Aperture Library Maintenance

I have run into various issues with Aperture and always end up searching for ways to clean up the Aperture Library. I have started trying to keep smaller libraries in an effort to reduce the amount of time it takes to work in the app. 
 

Repairing the Aperture Library

 
  • Start Aperture by while holding the Option and Command keys
  • The Aperture Library First Aid dialog will appear and offer the following three troubleshooting options:  

Repair Permissions

If your library isn’t accessing images that you know are there and that you know are connected, or even if your library simply won’t open, this could be the fix you’re looking for. File permissions (basically defined as who or what app has the right to read or write to certain files) can sometimes be incorrectly defined, and this will correct that. 
 

Repair Database

Any other problem you’re having with the library is addressed here. I realize that’s a big open statement, but essentially, if you have any oddities in your Aperture library, this is the first thing to try. If you called tech support—this is the first thing they’d tell you to do. Think of it like rebooting your computer. Sometimes you just need to.
 

Rebuild Database

If the Repair doesn’t do the job, then try a full Rebuild. This will take considerably more time, so don’t try this first. But if the Repair doesn’t fix it, try a Rebuild.
 

Sometimes it helps to just delete the Aperture preferences file 

Deleting this file will reset all of Aperture’s preferences, you may want to review and note any special settings you had before deleting it.

  • Quit Aperture.
  • Choose  “Go to the folder” from the Go menu in the Finder.
  • Type ~/Library/Preferences in the field. Press the Go button. 
  • Remove the “com.apple.Aperture.plist” file from the Preferences folder.
 
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Geotagging Japan on the iPhone with Placetagger

I just finished up a month long trip to Japan.

My first thought was to purchase a dedicated GPS tracker. Based on reviews at amazon I ordered an AMOD AGL3080 logger, but unfortunately I reieved a defective module. Without enough time to get a replacement I decided to return this and try using the GPS built into my iPhone and went about searching the iTunes store for the best app to log the GPS coordinates. Placetagger appeared to fit the bill, so I purchased it and logged as much as I could of my trip. The app had pretty good reviews and they recently added an update. Unfortunately the app did not live up to my expectations.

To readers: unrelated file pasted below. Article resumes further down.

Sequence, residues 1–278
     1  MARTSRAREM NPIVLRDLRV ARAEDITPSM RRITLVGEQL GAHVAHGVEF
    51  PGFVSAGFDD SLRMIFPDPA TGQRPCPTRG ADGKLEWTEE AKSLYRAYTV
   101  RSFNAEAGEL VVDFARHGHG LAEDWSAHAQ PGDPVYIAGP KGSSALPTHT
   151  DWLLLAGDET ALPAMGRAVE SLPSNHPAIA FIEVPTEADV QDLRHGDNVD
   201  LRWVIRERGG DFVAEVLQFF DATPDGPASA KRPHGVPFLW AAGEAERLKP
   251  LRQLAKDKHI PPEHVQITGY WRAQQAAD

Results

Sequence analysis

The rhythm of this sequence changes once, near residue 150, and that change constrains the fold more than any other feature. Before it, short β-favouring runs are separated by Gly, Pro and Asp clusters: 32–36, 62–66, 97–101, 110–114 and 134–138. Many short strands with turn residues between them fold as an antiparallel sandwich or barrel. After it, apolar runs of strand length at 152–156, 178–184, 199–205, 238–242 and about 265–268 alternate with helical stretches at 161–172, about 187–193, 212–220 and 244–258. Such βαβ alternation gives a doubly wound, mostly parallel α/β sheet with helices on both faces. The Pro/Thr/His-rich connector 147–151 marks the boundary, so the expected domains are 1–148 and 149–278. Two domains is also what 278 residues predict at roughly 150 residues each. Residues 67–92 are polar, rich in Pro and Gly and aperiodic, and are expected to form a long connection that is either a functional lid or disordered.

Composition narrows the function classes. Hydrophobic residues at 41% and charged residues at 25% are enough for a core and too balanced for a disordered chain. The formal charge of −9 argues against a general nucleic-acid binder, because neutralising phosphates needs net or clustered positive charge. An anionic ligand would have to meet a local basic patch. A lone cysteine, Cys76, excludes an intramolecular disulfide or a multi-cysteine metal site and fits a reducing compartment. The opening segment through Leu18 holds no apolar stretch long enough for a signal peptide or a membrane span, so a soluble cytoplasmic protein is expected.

The app has several good feature, a simple to use interface, icloud support, and exports data as a standard GPX file.

Some of the critical problems I ran into

  • The app crashes at random times: Once I realized this I was pretty good about checking my phone often to make sure it was still running. But there were several times I forgot. Fortunately it does not loose all the data before the crash and I can see from the log at what point it stopped logging.
  • Unable to export some data: I didn’t realize this until way too late. When you choose to export data on the iPhone the app launches a email message with the attached GPX data file, sometimes the file never shows up.
  • Appears to stop logging sometimes in the background: I would switch over to mail/instagram etc and often forget to bring Placetagger back to the foreground. It appears that it doesn’t always log when in the background.
  • The app won’t show the GPS coordinates on a map outside the US: When you select a GPS log it will just show you a blank map of the US. No idea why the map would be limited in this way. But this was not a big issue for me since the goal here is to get the GPX data file to my desktop to geotag my photos.

With a few changes it could be very good app.

  • To start with fix the bugs: Until that is done I would not recommend using this app.
  • Pause / Resume: Through the day I would stop for a meal or coffee and don’t need to log, why not let the user pause logging. Perhaps in set intervals of 15 or 30 minutes would be a nice feature that would have the app logging again without the need to go back and select resume.
  • Save GPX data files directly to dropbox: The whole point of this is to access the GPX files for tagging, eliminate the extra step of mailing each file.
  • View the frequency: The Precision to Battery Life slider is great, but I would like to know how often if is actually logging.

Internet access in Japan using an iPhone and B-mobile

Previously I have taken my iPhone and relied on wifi access where I could get it. But unlike the US free wifi was not that common. Few cafes or hotels offered the service. Wifi service is a little more common now, I wanted a more consistent connection for checking mail, instagramming or accessing FB and of course maps. 

There are a number of different SIM cards you can get for a smartphone with an unlocked SIM. Many offer voice and data and some just voice. But all I really needed was data. B-mobile was the only service I know of that offers a data only plan. For around $40 (¥3,500) you can get a sim (or in my case a micro-sim for the iPhone 4S) with 1GB of data, which was just the right amount of time for me. The card is available at the Yodobashi Camera/Bic Camera or Yamada Denki.